Is my building ready for fire?

Q: The recent tragic fire in the Bronx has many New Yorkers wondering about fire safety in their own buildings. What security measures ...


Q: The recent tragic fire in the Bronx has many New Yorkers wondering about fire safety in their own buildings. What security measures should be in place in an apartment building and how do residents ensure they have them?

A: New Yorkers were heartbroken last month when they learned fire in a building in the Bronx that killed 17 people, including eight children. Many were also afraid. The tragedy, caused by a faulty heater and exacerbated by faulty fire doors, exposed the risks of poor building maintenance.

We spoke with Jim Bullock, retired deputy chief of the New York City Fire Department and president of New York Fire Consultantsabout ways residents can keep tabs on their own buildings and ensure their homes are safe and up to code.

SIGNALING: Your landlord, co-op or condo board must provide you with a emergency preparedness guide, with details describing the construction of the building, fire protection systems and other safety details. Owners of buildings with three or more units are required to distribute the guides to all residents and post the fire evacuation plans on the inside of the entrance door of each apartment and in common areas.

This information will tell you whether or not your building is fireproof. “It determines exactly what to do in the event of a fire,” Mr Bullock said.

In a fireproof building, the contents of an apartment will burn but, for several hours, the structure will not burn. If a building is combustible, the fire can quickly move from apartment to apartment. Residents of fireproof buildings must shelter in place, as long as the fire is not inside their apartment. People living in flammable apartments should evacuate immediately.

All apartments should have two exits – your front door and an alternative, such as an emergency exit or an interior stairwell. Familiarize yourself with these routes.


FIRE DOORS: All buildings in New York City with three or more apartments must have self-closing entrance doors. Test yours periodically. Open the door about a third of the way and let go. If the door does not close and latch completely, it needs to be cleaned, repaired or replaced. Tell your super and the owner to fix the problem immediately. If they don’t respond, call 311 and report the conditions.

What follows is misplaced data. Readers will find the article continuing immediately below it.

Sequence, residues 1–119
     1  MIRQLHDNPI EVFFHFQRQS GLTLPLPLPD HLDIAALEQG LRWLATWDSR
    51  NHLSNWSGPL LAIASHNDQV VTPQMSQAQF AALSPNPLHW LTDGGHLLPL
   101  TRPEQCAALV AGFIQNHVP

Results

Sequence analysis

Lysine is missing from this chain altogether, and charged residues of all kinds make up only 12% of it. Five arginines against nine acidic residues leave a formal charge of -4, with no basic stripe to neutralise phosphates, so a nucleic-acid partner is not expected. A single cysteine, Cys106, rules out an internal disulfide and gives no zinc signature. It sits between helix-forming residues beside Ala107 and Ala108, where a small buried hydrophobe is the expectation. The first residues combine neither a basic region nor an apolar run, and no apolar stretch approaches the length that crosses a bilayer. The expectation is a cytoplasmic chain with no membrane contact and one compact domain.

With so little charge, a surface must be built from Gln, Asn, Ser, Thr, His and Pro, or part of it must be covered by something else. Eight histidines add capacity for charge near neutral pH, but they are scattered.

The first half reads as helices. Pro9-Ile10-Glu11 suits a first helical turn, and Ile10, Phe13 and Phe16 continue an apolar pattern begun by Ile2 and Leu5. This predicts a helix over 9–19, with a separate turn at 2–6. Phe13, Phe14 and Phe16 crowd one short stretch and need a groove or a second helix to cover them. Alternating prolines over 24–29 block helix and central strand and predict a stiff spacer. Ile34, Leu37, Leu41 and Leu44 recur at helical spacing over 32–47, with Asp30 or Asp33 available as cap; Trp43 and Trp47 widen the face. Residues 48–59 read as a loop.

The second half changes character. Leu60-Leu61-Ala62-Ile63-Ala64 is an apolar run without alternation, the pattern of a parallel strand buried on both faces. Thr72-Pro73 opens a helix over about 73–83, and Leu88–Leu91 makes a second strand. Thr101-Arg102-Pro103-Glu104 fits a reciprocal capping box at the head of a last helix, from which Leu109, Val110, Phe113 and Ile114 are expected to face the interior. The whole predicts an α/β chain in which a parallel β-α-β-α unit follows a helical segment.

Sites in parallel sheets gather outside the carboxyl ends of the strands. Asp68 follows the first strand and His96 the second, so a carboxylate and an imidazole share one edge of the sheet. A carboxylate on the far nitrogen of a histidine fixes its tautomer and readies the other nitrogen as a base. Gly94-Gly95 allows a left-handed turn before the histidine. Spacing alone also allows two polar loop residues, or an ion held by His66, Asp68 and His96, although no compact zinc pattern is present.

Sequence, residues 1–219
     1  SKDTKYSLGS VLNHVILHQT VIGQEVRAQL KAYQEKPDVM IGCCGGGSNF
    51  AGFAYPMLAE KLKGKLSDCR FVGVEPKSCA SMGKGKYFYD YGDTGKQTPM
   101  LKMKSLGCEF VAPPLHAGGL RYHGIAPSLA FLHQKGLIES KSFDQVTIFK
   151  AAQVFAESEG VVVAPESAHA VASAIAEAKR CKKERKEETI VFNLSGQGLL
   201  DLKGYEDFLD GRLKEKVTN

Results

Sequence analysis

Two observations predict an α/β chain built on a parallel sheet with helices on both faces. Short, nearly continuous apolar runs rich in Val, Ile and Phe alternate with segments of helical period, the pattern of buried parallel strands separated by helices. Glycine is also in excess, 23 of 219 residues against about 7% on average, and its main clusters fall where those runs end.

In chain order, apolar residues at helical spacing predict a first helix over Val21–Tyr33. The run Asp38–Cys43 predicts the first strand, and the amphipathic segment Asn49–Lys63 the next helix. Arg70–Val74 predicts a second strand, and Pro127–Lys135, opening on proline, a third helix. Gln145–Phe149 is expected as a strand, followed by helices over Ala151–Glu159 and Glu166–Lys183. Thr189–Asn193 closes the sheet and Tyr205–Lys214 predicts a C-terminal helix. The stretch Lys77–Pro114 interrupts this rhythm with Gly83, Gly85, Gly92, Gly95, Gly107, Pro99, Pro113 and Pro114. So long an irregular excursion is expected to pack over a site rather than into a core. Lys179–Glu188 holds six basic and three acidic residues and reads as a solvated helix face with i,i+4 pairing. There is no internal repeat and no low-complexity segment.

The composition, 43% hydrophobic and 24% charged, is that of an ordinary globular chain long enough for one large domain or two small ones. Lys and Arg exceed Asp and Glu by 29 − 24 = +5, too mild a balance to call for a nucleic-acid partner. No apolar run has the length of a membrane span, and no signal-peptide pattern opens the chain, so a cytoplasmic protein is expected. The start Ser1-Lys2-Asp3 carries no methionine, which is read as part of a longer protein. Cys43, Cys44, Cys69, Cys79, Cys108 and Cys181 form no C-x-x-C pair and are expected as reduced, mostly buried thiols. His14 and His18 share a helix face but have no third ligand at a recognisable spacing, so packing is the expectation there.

Doors to hallways and exits should also be self-closing and have signs reminding residents to keep them closed.

SMOKE DETECTOR: Building owners must provide tenants with smoke and carbon monoxide detectors. But tenants should maintain them, check them monthly and replace the batteries twice a year. Never paint a detector.

FIRE GETAWAYS: Emergency exits must be clear of any obstruction. Periodically check the condition of yours. “It shouldn’t be rusty,” Mr Bullock said. “If it’s rusty, you have to paint it with two coats of paint.” Report any disturbing condition to management who must keep them in good working order.

CORRIDORS: No one can store bicycles or strollers in the corridors. Auxiliary furnituresuch as a small console or an umbrella bucket, is permitted.

COMMON RISKS: Your landlord must provide you with heat for hot season, from October to May. If it is too cold in your apartment, report it to 311. If you use a space heater, keep it one meter away from any flammable material, make sure it has a shut-off device automatic and check the cord for any signs of damage. Never leave candles or incense unattended. And never use an oven or stove to heat yourself.

For weekly email updates on residential real estate news, register here. Follow us on twitter: @nytrealestate.



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